Browse by author
Lookup NU author(s): Dr Richard McNallyORCiD,
Emeritus Professor Allan ColverORCiD
Full text for this publication is not currently held within this repository. Alternative links are provided below where available.
Purpose: The etiology of congenital cerebral palsy is unclear. Recent studies have suggested that maternal infection is involved. Indirect, but supportive, evidence for an infectious hypothesis would be provided by the finding of space-time clustering. Methods: We analyzed all 906 cases born during the period 1991-2003 using a population-based registry from Northern England. We applied the K-function method for testing global space-time clustering and used residential addresses at the time of birth. The Knox method was used to determine the spatio-temporal range over which global clustering occurred. Tests were repeated using nearest neighbor thresholds to allow for variable population density. Additionally, Kulldorff's scan statistic identified specific space-time clusters. Results: There was statistically significant evidence of global space-time clustering (p ≤ 0.05). Clustering occurred over a range of close distances, but was most pronounced for cases born within 1-4 months of one another. A specific space-time cluster was identified during 1994. Conclusions: The application of spatial statistics for the study of cerebral palsy is novel. There is tentative evidence for the involvement of spatially and temporally varying environmental etiological factors. These findings may support a role for infections or similar agents. However, the role of chance cannot be excluded. © 2008 Elsevier Inc. All rights reserved.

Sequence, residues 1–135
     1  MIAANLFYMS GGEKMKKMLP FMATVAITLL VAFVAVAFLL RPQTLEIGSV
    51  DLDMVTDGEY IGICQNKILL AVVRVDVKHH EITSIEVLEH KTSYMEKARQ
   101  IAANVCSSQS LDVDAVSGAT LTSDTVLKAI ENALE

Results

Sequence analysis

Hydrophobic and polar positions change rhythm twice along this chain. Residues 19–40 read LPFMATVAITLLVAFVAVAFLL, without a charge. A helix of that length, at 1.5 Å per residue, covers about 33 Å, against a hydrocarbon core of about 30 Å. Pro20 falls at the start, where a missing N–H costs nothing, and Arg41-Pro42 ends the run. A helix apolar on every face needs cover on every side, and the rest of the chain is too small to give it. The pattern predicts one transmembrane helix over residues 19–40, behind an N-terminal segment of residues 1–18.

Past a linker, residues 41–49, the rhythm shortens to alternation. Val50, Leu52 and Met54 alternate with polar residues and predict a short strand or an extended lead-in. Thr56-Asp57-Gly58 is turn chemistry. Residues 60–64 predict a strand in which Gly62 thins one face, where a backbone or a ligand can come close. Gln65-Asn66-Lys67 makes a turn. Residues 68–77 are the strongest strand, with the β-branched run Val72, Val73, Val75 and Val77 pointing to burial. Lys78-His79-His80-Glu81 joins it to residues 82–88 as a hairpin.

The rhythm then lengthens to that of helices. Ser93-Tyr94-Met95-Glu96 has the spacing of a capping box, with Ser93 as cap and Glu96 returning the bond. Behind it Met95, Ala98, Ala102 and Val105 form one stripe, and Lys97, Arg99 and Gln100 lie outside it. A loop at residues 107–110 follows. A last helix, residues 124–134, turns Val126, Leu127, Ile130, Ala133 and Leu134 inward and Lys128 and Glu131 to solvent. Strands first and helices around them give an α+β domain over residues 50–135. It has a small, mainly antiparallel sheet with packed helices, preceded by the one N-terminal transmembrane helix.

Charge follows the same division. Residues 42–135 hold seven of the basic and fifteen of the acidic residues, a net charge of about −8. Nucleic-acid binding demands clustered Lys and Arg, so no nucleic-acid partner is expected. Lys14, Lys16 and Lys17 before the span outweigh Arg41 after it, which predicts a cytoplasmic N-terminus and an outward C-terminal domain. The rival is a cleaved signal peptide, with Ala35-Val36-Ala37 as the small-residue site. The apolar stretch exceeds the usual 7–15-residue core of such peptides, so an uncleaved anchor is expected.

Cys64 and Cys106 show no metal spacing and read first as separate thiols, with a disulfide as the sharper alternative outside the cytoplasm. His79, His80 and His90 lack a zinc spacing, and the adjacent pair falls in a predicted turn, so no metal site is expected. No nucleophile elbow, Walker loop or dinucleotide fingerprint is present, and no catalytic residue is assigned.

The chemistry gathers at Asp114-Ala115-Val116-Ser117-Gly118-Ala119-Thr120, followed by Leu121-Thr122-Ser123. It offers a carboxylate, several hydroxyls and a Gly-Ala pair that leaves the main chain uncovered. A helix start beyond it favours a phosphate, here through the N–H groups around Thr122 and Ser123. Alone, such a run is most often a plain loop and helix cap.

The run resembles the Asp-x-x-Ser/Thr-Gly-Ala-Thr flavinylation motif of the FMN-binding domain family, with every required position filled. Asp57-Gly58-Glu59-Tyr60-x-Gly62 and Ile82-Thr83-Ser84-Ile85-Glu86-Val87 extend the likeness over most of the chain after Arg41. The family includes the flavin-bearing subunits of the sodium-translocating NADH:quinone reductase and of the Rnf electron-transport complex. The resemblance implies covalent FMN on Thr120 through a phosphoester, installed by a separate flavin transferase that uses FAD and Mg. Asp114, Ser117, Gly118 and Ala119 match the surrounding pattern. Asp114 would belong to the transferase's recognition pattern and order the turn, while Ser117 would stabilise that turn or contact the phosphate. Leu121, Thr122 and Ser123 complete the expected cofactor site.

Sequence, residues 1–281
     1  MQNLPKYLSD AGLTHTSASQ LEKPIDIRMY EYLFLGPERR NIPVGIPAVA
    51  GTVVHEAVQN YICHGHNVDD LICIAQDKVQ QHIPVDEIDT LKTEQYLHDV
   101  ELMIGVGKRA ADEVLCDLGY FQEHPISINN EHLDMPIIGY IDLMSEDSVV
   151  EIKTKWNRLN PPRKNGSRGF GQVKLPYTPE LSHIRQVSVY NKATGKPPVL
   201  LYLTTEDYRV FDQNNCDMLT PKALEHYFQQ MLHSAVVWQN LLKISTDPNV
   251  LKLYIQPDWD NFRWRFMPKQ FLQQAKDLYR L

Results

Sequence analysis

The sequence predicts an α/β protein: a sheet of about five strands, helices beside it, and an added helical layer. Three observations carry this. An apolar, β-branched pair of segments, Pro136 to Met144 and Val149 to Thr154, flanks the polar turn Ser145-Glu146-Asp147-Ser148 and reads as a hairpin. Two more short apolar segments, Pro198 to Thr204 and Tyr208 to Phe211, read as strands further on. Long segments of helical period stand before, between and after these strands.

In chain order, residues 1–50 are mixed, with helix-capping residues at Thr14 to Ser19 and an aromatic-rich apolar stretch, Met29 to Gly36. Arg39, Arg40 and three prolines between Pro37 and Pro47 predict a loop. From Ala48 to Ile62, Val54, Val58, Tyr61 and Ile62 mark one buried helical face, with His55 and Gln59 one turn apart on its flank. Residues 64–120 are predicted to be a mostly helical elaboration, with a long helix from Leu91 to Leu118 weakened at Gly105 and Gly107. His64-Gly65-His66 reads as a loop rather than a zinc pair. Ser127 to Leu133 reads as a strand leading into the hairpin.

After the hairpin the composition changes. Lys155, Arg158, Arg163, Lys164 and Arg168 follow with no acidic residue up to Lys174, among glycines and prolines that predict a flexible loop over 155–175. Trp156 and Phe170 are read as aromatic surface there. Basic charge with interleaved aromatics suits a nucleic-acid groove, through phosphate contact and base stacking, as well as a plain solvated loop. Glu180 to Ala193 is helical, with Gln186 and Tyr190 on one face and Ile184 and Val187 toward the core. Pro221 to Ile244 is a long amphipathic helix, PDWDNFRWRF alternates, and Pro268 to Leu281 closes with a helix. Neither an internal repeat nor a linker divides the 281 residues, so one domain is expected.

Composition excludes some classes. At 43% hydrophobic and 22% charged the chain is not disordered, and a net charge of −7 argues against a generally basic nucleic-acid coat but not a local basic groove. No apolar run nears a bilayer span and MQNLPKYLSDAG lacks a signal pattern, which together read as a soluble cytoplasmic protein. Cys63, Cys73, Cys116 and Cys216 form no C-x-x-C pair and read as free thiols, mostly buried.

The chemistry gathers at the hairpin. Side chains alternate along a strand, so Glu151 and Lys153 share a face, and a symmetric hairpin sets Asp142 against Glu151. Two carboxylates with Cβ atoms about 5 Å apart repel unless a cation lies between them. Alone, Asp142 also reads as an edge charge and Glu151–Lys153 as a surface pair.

Author(s): McNally RJQ, Colver AF
Publication type: Article
Publication status: Published
Journal: Annals of Epidemiology
ISSN (print): 1047-2797
ISSN (electronic): 1873-2585
Publisher: Elsevier Inc.
PubMed id: 17855120
Altmetrics provided by Altmetric